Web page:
Stories tagged Science links

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How old does this look?: New research says parts of the Grand Canyon may be 65 million years, or so, older than originally thought.
How old does this look?: New research says parts of the Grand Canyon may be 65 million years, or so, older than originally thought.Courtesy chensiyuan
Grand Canyon, could you please show us your birth certificate? A new theory that parts of the Grand Canyon were carved as far back as dinosaur days has geologists picking sides on a controversy. New research contends that the western end of the canyon might be up to 70 million years old, carved by an ancient river that flowed in the opposite direction of today's Colorado River. Conventional theories about the canyon had its aged pegged at 5 to 6 million years old.

So what do you think?

How's this for a mash-up of Halloween and science? A newly created artificial bat cave in Tennessee is helping reduce the spread of disease that's killed 5 million bats. It even has air conditioning!!!

Intriguing Martian outcrop
Intriguing Martian outcropCourtesy NASA/JPL-Caltech/MSSS/Ed Truthan
Meanwhile, back on Mars, the Curiosity rover has sent back some very cool close-up photos of an intriguing rock outcrop it found on the Red Planet's surface. My first impression looking at the image (which is comprised of several shots stitched together by graphic designer Ed Truthan) is that it looks like it's made up made up of cobbles, and pebbles and sand - the same kind of deposit you find here on Earth left by an old river channel.

A full-sized click-to-make-it- bigger version of the image is available on the Wired website.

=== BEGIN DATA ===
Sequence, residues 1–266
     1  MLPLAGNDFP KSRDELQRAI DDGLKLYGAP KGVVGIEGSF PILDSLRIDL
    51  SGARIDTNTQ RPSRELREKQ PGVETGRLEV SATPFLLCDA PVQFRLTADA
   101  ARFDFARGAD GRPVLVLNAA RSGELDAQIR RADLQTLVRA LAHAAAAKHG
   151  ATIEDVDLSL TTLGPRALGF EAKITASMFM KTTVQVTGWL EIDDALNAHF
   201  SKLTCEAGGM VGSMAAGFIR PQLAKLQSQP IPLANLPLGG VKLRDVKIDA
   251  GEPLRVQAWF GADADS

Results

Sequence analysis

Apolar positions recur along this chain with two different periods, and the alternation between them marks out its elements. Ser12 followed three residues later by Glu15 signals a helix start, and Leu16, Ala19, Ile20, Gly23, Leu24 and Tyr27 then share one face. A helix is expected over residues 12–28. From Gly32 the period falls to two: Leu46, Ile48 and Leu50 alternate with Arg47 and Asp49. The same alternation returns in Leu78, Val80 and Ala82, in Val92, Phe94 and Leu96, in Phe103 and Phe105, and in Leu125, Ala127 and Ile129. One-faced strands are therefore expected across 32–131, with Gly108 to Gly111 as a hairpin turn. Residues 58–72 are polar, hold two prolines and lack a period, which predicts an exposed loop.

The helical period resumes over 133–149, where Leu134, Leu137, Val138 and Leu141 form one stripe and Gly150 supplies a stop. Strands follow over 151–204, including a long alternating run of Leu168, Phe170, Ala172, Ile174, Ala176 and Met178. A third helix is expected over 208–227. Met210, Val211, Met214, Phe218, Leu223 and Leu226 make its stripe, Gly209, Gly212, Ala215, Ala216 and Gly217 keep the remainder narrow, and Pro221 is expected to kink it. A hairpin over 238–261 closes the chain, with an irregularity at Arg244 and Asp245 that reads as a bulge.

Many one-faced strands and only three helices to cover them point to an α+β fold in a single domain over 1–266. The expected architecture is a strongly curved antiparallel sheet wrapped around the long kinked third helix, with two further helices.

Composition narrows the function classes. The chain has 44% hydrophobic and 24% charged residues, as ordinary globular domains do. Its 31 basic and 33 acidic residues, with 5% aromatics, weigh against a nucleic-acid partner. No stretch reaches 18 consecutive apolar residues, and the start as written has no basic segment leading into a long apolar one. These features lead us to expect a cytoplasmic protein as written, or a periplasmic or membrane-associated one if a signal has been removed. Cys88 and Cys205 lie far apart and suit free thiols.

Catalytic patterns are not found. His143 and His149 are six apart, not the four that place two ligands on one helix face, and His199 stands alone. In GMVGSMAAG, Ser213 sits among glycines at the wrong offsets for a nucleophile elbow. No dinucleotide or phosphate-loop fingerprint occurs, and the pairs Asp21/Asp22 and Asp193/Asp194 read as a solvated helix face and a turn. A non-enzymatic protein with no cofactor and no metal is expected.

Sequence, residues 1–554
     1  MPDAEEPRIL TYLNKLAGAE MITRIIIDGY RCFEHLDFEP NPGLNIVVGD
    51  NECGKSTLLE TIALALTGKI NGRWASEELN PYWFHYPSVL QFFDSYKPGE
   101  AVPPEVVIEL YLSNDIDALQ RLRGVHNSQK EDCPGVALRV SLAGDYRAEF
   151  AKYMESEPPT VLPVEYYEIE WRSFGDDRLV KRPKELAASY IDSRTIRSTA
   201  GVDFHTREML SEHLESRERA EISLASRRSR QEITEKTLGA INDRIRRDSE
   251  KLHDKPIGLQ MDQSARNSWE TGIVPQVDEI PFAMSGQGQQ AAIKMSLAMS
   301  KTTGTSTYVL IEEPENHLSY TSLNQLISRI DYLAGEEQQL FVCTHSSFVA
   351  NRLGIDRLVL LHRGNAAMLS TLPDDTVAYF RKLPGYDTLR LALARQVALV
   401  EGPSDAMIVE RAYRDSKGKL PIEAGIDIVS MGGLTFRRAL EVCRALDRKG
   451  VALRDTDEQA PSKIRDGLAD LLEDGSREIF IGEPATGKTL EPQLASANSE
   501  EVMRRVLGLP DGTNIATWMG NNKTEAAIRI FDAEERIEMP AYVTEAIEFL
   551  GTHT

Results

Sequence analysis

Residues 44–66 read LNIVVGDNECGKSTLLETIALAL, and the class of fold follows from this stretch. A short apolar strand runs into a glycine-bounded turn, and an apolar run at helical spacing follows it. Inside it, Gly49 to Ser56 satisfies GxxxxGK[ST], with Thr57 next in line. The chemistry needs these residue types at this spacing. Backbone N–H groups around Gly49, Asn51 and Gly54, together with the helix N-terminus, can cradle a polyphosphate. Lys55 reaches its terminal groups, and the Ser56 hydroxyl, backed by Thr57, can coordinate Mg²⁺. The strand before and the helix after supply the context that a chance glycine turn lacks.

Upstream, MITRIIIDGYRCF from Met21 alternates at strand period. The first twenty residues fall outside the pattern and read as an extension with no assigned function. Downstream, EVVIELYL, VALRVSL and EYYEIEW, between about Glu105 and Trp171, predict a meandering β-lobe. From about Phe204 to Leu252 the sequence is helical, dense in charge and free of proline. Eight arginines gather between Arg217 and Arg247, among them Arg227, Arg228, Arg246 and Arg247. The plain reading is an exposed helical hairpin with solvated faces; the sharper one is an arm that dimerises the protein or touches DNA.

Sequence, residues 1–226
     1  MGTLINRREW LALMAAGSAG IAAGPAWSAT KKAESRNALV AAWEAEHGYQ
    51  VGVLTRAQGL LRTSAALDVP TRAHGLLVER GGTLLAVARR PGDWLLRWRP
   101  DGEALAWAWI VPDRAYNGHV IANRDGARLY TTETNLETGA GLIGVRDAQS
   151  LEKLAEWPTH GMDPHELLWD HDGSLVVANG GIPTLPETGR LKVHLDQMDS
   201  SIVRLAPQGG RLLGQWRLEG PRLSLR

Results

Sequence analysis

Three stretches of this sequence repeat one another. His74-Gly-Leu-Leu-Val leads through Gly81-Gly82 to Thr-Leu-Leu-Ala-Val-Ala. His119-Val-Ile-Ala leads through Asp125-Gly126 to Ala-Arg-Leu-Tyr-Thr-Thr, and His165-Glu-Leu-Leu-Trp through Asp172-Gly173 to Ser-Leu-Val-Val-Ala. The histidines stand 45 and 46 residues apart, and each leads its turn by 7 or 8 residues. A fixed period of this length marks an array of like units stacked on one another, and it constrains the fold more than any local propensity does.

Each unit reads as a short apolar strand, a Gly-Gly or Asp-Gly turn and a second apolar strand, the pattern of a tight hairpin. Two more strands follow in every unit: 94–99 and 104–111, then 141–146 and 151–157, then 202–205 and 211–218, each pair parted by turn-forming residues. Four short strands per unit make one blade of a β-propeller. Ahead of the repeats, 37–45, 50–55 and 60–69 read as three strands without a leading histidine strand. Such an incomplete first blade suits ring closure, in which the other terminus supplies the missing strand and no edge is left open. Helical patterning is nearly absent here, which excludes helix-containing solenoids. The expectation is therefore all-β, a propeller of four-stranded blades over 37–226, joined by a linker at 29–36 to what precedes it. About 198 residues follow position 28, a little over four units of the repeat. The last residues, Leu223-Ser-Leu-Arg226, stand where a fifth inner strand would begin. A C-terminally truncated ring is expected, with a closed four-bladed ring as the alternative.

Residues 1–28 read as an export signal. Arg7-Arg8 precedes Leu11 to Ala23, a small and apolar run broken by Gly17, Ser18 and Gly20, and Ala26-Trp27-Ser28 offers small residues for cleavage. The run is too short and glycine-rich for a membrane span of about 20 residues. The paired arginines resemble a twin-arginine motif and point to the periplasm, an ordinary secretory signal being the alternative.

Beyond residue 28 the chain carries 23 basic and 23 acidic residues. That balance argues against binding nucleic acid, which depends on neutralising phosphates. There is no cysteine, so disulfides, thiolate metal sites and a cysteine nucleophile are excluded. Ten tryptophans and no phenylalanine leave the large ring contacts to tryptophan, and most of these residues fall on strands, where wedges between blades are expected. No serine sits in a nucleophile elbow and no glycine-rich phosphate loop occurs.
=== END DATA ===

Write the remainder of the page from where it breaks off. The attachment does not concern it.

Wind catcher: New wind turbines are getting taller and slower in order to generate more electricity.
Wind catcher: New wind turbines are getting taller and slower in order to generate more electricity.Courtesy JMT
The way technology usually works, things get smaller and faster to be more efficient. That's not the case with wind turbines. Read this interesting piece on how new innovations are making wind turbines taller (reaching up into the sky the length of a football field), the blades are getting longer and are moving slower. All of this is actually generating more electricity.

The headlines seem to be especially crazy these days, but this one really jumped out at me. So does the Minnesota Zoo have the coolest moose in the country, or what?

Just to follow-up on the recent posts, the Minnesota State Fair has decided to allow the public access to the swine barn this year, even in light of heightened risk of H3N2v flu. You can read all the details about the decision here.

Check out some amazing footage of mud and debris flowing from nearby mountains during a heavy rainfall in the village of Virgen, Austria. What's cool is that the flows come in pulses, which I guess is typical of this kind of thing there.

Not that you probably couldn't guess this, but it's now official. July of 2012 was the hottest month ever in the United States, topping the aggregate temperature record for a month set during the middle of the Dust Bowl years in 1936. You can read all the steamy data on this record here.

Bolting for gold: Jamaica's Usain Bolt (yellow jersey) became a two-time 100-meter gold medalist in the Olympics Sunday. How much has the winning 100 meter time decreased over the 116-year history of the Olympics?
Bolting for gold: Jamaica's Usain Bolt (yellow jersey) became a two-time 100-meter gold medalist in the Olympics Sunday. How much has the winning 100 meter time decreased over the 116-year history of the Olympics?Courtesy Eckhard Pecher
Each Olympics, one of the marquee moments is the men's 100-meter dash finals. Who will be crowned the fastest man on the planet? Did you watch Usain Bolt's gold-medal run Sunday night? Check this New York Times interactive display that "charts" a race between all Olympic 100-meter medalists over the past 116 years. How much has one of the ultimate human performance measures improved over that time? What factors have made humans get so much faster over that time?